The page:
Why, oh, why the wide nine?

After five games, it's become remarkably clear: The Eagles have neither the personnel nor the defensive coordinator to make the wide nine scheme work effectively for four quarters.

Sure, there have been glimpses of the kind of pressure the wide nine can generate for this defense. But each week the run totals top 100 yards as running backs zip through huge gaps as wide as Andy Reid's waist. Each week opposing offenses script and execute plays designed to exploit the wide nine. And each week the sack numbers decrease.

The argument for keeping the scheme is as weak as Jarrad Page's tackling.

And yet, Reid said Monday following the Eagles' fourth straight loss - a 31-24 defeat at the hands of the Buffalo Bills - he's sticking with the wide nine. So be it.

"You obviously saw it work in the second half very effectively," Reid said. "We've just got to continue to work with it. Listen, anything new you've got to work with and work out the wrinkles and get it right.

"Players, they have to learn it, coaches have to learn it, particularly the new coaches. So it's a joint effort there."

This wasn't a smokescreen. Reid believes in the system. He has to. A series of coaching moves made in the offseason were based strictly on Reid's desire to bring the wide nine to Philadelphia. If his pass-happy offense has had problems blocking against it then so, too, will the offenses that face his defense.

So Reid got one of the great instructors of the wide nine - defensive line coach Jim Washburn. Luring Washburn away from Tennessee was the first coaching hire Reid made after he fired Sean McDermott as his defensive coordinator.

It was a peculiar move. A new coordinator would surely want to bring in his own people and implement his own scheme even if Washburn is considered one of the best in the business.

What probably happened as the Eagles defensive coordinator search turned farcical was that interviewed candidates balked at the idea of coming aboard with the stipulation that the wide nine would be used here - take it or leave it. There aren't many coaches that use it, although it has been around in one form or other for many years.

So that left Juan Castillo. And, well, Castillo would do whatever Reid and Washburn wanted. He was an offensive line coach wishing to become a defensive coordinator. Castillo would have agreed to the wide nineteen.

The wide nine, in theory, can work quite splendidly. But you need two components: Defensive ends who torpedo past tackles, and linebackers and safeties who can fend off blockers, fill run-gap responsibilities and make tackles.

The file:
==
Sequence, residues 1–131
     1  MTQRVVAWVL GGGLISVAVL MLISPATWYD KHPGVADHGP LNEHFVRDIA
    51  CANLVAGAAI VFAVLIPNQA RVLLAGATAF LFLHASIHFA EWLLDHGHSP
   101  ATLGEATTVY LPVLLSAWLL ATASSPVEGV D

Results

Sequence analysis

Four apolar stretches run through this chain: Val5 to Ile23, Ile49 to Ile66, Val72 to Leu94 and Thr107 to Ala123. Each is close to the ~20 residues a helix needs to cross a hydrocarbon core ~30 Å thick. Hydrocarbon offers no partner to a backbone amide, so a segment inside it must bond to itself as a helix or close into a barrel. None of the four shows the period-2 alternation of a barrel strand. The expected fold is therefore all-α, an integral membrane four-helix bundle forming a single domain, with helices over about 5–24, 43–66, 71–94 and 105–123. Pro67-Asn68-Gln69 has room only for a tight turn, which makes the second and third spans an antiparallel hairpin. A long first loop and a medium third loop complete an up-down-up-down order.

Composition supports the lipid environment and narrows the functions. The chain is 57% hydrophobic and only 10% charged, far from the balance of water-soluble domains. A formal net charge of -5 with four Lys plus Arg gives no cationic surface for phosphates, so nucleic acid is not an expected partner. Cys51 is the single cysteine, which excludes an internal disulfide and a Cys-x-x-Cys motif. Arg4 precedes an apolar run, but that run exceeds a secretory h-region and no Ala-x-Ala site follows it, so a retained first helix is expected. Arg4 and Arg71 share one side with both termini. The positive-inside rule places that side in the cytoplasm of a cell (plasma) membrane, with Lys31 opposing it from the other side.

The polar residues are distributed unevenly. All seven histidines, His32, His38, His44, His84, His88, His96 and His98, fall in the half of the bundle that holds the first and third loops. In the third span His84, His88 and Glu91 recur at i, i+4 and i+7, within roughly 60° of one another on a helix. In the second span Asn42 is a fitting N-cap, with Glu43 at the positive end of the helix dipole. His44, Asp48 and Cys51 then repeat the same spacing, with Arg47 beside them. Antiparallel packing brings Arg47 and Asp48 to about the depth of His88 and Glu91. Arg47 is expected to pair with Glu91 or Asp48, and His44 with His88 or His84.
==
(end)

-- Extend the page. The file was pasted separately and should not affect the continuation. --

The Eagles already had a Pro Bowl-caliber end in Trent Cole and two complementary pieces in Juqua Parker and Darryl Tapp. Jason Babin, who thrived under Washburn as a Titan last season, was signed as a free agent, giving Castillo a solid first component.

At linebacker and safety, however, Stewart Bradley and Quintin Mikell were not re-signed as free agents, and were instead replaced by rookie Casey Matthews and a former seventh-round draft pick in Kurt Coleman.

Both players eventually were benched. Their replacements - Jamar Chaney and Nate Allen - have been marginally better. Page took Allen's job at the other safety spot before the season but has been an unmitigated disaster. Coleman could have his starting spot back by in Sunday's game at Washington.

Needless to say, Reid did not provide Castillo with the necessary parts to make the wide nine into a 10. What the Eagles should have done was sign former Tennessee middle linebacker Stephen Tulloch. The Titans, as a whole, might have been dreadful last season, but they could stop the run, holding ballcarriers to 3.9 yards a tote.

The 30th-ranked Eagles run defense is allowing 5 yards a carry.

Tulloch, instead, went to Detroit. Why? Because former Titans defensive coordinator and current Lions head coach Jim Schwartz also employs the wide nine. Go figure. Detroit is 4-0 and its defense 11th overall heading into Monday night's game against the Bears.

The Eagles, meanwhile, are left with a defense that teams continue to abuse on the ground and with a variety of short pass plays that take advantage of the defensive ends who jet straight for the quarterback.

Reid was right, the defense performed better in the second half, but it wasn't because of the wide nine. It was because the leading Bills took their foot off the gas and because Castillo dialed up a number of heavy blitz packages that actually worked.

It's time to scrap the wide nine, tighten up the line and get back to the type of aggressive scheme Jim Johnson used when he ran the defense.

And this point, why not?

Contact staff writer Jeff McLane at 215-854-4745, jmclane@phillynews.com or @Jeff_McLane on Twitter.